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Governor's executive order and Missouri lawsuit challenge federal contractor vaccine mandate

Galen Bacharier
Springfield News-Leader

Missouri's top officials are pushing back against federal COVID-19 vaccine requirements with an executive order and litigation aimed at resisting the Democratic White House on the issue of mandates.

Gov. Mike Parson, a Republican, issued an executive order Thursday banning state government agencies from requiring workers to comply with federal requirements if they have religious or medical exemptions, as well as prohibiting those agencies them from penalizing workers or businesses that don't comply due to exemptions.

The order is largely symbolic at the moment, as the existing mandate from the Biden administration applies to federal employees and contractors and will have little impact on most state workers. Exceptions for religion and medical conditions are already included in the federal mandate, which takes effect Nov. 22 for federal workers and Dec. 8 for contractors.

Gov. Mike Parson issued an executive order against the Biden administration's vaccine mandate for federal employees and contractors Thursday.

The White House has also indicated it will order all private sector businesses with over 100 employees to require vaccination, though the exact timeline on that mandate is not known.

"In the state of Missouri, public health decisions are left to the people to either make their own personal decisions or speak through their elected representatives in the General Assembly," Parson said. "The Biden administration's vaccine mandates undermine and deny Missourians’ right to make personal health decisions and to speak through their elected representatives."

Vaccines in Missouri:Republicans blast Biden orders, lawmakers urge special session to counter

Missouri Attorney General Eric Schmitt, a Republican who is running for U.S. Senate, said Friday he was leading a 10-state lawsuit against the Biden administration, asking the U.S. District Court for the Eastern District of Missouri to block the mandate for federal contractors. He called the federal requirement a "power grab" that "is sweeping in its scope," arguing it violates federal laws and "is an unlawful usurpation of states' police powers."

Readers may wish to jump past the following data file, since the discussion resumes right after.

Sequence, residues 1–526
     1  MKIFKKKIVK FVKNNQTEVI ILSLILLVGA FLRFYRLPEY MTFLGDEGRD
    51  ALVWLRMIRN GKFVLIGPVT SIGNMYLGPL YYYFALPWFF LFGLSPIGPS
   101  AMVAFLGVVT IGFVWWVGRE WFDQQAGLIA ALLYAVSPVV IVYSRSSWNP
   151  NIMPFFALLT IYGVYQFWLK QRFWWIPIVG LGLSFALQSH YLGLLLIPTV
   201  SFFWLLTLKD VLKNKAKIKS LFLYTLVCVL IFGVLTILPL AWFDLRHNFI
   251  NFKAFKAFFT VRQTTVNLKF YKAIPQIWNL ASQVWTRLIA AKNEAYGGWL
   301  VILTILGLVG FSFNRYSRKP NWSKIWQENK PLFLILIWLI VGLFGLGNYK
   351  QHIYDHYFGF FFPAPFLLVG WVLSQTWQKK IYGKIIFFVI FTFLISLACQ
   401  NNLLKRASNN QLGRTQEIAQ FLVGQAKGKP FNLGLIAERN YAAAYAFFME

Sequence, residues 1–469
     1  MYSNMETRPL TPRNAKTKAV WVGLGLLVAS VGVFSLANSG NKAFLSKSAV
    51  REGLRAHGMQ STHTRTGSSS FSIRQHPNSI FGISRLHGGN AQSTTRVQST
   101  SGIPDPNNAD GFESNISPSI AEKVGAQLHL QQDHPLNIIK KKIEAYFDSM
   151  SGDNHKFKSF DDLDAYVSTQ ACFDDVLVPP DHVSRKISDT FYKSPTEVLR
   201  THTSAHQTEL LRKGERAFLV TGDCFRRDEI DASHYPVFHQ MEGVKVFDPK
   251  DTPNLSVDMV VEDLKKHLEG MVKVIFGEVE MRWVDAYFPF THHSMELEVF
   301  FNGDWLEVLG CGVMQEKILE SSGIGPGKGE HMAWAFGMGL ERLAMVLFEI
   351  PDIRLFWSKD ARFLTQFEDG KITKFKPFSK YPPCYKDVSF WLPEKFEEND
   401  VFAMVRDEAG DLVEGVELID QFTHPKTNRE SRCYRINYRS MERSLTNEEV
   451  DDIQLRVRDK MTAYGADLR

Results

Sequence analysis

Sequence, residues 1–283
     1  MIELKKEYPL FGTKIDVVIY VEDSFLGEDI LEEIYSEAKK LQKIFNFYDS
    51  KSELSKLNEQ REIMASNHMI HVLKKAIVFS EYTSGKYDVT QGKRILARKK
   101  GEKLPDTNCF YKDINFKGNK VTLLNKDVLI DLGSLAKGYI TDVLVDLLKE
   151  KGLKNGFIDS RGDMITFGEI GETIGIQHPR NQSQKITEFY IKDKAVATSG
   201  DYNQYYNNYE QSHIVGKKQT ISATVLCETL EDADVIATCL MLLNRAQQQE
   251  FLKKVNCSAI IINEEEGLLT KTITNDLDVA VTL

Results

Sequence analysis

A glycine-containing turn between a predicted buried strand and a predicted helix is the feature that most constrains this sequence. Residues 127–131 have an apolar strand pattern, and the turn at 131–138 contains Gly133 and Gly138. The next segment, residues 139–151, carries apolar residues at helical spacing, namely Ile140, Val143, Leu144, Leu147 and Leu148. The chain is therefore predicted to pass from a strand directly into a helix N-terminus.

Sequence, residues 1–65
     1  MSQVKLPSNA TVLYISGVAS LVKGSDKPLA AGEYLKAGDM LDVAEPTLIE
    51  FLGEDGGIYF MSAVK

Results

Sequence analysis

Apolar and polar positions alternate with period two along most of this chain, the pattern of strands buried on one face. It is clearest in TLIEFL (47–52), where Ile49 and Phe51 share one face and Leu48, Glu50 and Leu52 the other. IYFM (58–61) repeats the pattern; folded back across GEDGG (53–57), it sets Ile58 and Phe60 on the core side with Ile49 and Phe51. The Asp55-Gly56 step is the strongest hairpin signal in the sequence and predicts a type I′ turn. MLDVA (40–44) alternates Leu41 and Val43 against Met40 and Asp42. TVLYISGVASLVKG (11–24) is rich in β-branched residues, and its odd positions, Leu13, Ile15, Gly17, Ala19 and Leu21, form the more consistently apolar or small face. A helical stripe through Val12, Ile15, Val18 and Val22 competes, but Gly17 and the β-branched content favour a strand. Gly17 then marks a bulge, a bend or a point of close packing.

"My office has led the nation in taking action to fight back against attempts by petty tyrants to impose their control through mask mandates," Schmitt said in a statement. "Now, we're leading the nation in fighting back against this absurd federal overreach."

Schmitt's lawsuit was co-led by Nebraska AG Doug Peterson, and joined by Alaska, Arkansas, Iowa, Montana, New Hampshire, North Dakota, South Dakota and Wyoming. It comes a day after Florida filed a similar lawsuit seeking to block the mandate for contractors.

In his executive order, Parson ordered all divisions of state government to "cooperate fully and timely" with Schmitt's office on any litigation. The two have been among the most vocal opponents of the Biden administration's COVID-19 response and vaccine actions.

“The governor’s executive order appears carefully crafted to do absolutely nothing — except promote the attorney general’s latest frivolous lawsuit at taxpayer expense," said House Minority Crystal Quade, a Springfield Democrat. "If these two put as much energy into fighting the pandemic as they do into fighting those fighting the pandemic, Missouri would be in a much stronger position.”

Missouri's governor joins several others — from Alabama, Arizona, Florida and Texas — in publicly resisting the federal mandates, which have become a divisive political issue among top elected officials.

Vaccines in Missouri:Lawmakers weigh action on mandates as protesters rally at Capitol

Republicans across the state criticized the orders when President Joe Biden first introduced them in September and several conservative lawmakers asked Parson to call a special session to ban mandates for the private sector; he declined to do so. Those lawmakers later joined with an organization opposing workplace mandates to hold a protest inside the Missouri State Capitol.

As of Thursday, 49.3 percent of Missouri's population has been completely vaccinated, according to state data; it ranks below the U.S. state average of 58.26 percent, according to Johns Hopkins University.

Galen Bacharier covers Missouri politics & government for the News-Leader. Contact him at gbacharier@news-leader.com, (573) 219-7440 or on Twitter @galenbacharier.